When Should You Leave Your Church?

John ArmstrongThe Church


As virtually everyone knows by now Senator Barack Obama has removed himself, and his family, from the membership at Trinity United Church of Christ in Chicago. This happened following the sermon preached at Trinity by Father Michael Pfleger, a priest who has been a friend to Obama for some time and a man who even had a volunteer role in his campaign for a season. Father Pfleger has been a popular priest inChicago for some years, serving an African-American Catholic parish as a Roman Catholic priest.

All politics aside I am saddened that all of these events came to this place. I can’t help but think that this controversy ended poorly for the Obama and his church. Whereas he once said he could no more deny his friendship with Jeremiah Wright than his relationship with his own family now he runs away from the people he worshiped with for twenty years because there is obvious political fallout to his membership. Whereas he gave such a brave and stirring speech several weeks ago, meant to put all this behind him, now he opts for leaving the church when another explosion occurs.

One thing is certain, leaving a church should never be a decision any of us makes with ease. We should never do it lightly. There are reasons to leave a church, I do not deny, but most of the ones that I have heard over the years fall well short of what I think are truly good reasons.

In Obama’s case he clearly was advised that membership at Trinity was now too politically harmful. The precedent here is that membership in one’s church become an “issue” in presidential politics. This can’t be a good precedent at all. I respected Obama for distancing himself from Wright’s comments, at least those that were generally unacceptable, while at the same time retaining his friendship with Wright and and his membership in his church. I can’t say that I respect this choice to leave in the same manner.

Should you be a member of a church only where the pastor says what you agree with week by week?

I would suggest that membership in a congregation where the pastor now and then troubles you could be quite beneficial if it is handled properly. I do not become a member of a church based on agreement with the pastor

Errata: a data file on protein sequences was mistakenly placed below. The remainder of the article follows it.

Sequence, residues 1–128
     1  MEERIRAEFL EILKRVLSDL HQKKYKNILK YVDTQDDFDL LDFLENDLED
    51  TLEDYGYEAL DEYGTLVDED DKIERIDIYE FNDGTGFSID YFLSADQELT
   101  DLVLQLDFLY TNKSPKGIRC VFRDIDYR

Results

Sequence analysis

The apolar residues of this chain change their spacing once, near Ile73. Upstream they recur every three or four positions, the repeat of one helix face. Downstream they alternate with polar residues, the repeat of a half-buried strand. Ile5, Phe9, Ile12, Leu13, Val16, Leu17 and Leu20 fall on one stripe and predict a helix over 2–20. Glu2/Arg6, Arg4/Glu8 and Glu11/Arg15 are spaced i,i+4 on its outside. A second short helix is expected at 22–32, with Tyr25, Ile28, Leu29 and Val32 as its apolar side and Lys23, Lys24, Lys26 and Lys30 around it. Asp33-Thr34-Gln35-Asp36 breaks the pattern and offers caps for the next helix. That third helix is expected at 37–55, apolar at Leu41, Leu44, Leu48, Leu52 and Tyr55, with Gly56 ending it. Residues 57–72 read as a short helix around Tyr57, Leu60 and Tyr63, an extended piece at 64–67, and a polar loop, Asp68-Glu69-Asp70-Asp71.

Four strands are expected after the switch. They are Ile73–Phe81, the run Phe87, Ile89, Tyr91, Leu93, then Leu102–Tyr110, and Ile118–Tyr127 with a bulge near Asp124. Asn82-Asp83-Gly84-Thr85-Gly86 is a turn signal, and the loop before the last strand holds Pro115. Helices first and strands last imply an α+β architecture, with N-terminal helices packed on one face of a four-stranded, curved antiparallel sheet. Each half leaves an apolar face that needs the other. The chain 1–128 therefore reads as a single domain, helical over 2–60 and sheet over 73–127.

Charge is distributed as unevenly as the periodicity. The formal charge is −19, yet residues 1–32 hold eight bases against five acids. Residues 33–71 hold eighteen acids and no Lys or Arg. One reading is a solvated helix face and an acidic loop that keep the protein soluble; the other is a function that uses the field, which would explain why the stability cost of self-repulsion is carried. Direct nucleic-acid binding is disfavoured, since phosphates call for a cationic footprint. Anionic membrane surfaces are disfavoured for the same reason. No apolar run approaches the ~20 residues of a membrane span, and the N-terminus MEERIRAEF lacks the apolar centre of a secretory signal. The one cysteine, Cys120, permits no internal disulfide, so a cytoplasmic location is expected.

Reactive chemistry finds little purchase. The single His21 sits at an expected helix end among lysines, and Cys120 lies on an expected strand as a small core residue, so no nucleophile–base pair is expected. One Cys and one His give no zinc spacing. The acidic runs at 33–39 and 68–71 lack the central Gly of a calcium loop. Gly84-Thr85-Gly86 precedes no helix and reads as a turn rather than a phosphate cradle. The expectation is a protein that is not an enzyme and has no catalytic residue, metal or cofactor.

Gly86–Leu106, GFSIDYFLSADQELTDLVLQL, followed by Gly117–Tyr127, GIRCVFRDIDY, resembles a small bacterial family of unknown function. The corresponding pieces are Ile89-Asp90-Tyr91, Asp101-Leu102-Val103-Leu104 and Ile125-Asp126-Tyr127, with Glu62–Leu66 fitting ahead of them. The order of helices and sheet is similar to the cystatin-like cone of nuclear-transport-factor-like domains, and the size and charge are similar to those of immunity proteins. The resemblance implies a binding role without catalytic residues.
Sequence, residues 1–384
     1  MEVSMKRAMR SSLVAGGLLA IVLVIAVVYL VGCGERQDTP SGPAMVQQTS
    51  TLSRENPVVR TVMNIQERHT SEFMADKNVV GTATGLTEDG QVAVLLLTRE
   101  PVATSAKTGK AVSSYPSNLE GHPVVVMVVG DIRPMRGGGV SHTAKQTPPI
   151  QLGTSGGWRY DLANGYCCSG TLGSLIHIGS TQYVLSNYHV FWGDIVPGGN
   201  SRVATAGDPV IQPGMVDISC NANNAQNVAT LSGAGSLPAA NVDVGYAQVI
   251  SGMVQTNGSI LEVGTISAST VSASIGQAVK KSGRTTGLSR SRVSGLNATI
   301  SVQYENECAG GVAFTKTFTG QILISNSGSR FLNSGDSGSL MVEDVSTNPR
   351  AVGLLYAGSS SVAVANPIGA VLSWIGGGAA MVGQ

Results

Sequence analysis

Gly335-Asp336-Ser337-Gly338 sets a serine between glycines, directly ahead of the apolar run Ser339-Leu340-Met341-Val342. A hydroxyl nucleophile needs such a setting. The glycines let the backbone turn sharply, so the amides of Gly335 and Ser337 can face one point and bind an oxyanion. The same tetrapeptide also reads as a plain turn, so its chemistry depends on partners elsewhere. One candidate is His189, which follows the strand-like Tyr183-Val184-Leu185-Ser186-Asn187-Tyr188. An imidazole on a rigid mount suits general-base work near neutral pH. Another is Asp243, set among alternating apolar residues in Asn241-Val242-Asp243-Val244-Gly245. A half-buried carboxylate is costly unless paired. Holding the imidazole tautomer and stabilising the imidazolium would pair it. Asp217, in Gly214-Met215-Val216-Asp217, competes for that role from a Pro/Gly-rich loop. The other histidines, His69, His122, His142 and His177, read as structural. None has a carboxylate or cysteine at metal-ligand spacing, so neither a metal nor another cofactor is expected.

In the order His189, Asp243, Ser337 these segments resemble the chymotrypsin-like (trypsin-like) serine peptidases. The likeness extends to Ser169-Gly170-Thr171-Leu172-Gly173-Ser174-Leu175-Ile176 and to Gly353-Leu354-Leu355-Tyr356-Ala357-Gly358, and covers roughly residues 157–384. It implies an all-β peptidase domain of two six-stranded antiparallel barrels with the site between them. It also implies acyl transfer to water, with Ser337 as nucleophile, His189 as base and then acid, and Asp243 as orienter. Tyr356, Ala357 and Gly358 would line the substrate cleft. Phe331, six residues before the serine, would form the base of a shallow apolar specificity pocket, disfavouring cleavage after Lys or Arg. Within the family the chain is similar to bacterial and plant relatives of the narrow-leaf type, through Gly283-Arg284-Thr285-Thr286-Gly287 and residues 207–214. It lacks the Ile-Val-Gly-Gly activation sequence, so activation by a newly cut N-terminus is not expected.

When the media, and the right-wing pundits, went after Obama relentlessly the assumption was that people should be members of churches only where the pastor’s positions on various important issues lined up with their own. If the pastor sounded like a racist then you should not be a member. That is so easy for white media to argue when many of them remained in a church where racism was (and in some cases still is) inherent to the very culture of the church.

But what pastor has not resorted to rhetorical flourishes that he might now wish he could take back? (I believe strongly in extemporaneous speaking in the pulpit so I have clearly failed on this front myself.) And I have also said things that should not be taken quite so literally either. The goal of preaching is that through many human words the living Word of God might be heard. The media has no concept of this idea and the sad fact is that few of us do either.

Scriptural truth is passed along in many ways. A church has an educational ministry, a worship ministry, a prayer ministry, a care ministry, etc. No one pastor, on a single day or through a few sermons, determines the whole ministry of that church. The pastor uses images, stories, and ideas to stir the thoughts and the imagination of listeners. A good minister will handle Holy Scriptures well. Some do not handle them well at all.

The Rev. Jack Cherry, pastor of Clover Hill Reformed Church (RCA) in Hillborough, New Jersey, suggests in this month’s Church Herald magazine, that the better question here might be: “Is there a tipping point?” Is there ever a time when an individual needs to find a different place of worship and ministry for their local church? The answer, of course, is yes. I had people leave my congregation (during my 20 years of pastoral labor) and I felt some of them made the right decision. I had others leave when I felt they quit way too soon, more over not hearing the whole story clearly enough.

At what point do you say, “enough is enough” and then leave a church? There is no simple answer. There is no “one size that fits all” solution to this troubling issue. Certainly heresy or unrepentant sin in the leadership would be good reasons to leave a church. But even here you have to be careful that the right process has been followed. In our modern context one person’s heresy could be historically faithful Christian teaching. I preached, for example, on the Trinity some years ago and several felt I was a heretic when the opposite was really the case. 

I am sure of this much. Good pastors will offend us now and then. They must, in fact, trouble us and they will even trouble those from outside the church who hear their words and do not have a context or a spiritual understanding of them. The church is never to be a political club of the like-minded. It should rather be a diverse and different group of folks who are united by their common commitment to Christ and his kingdom, not to their own agenda. The world cannot understand this at all. What saddens me is that much of the church doesn’t understand it either.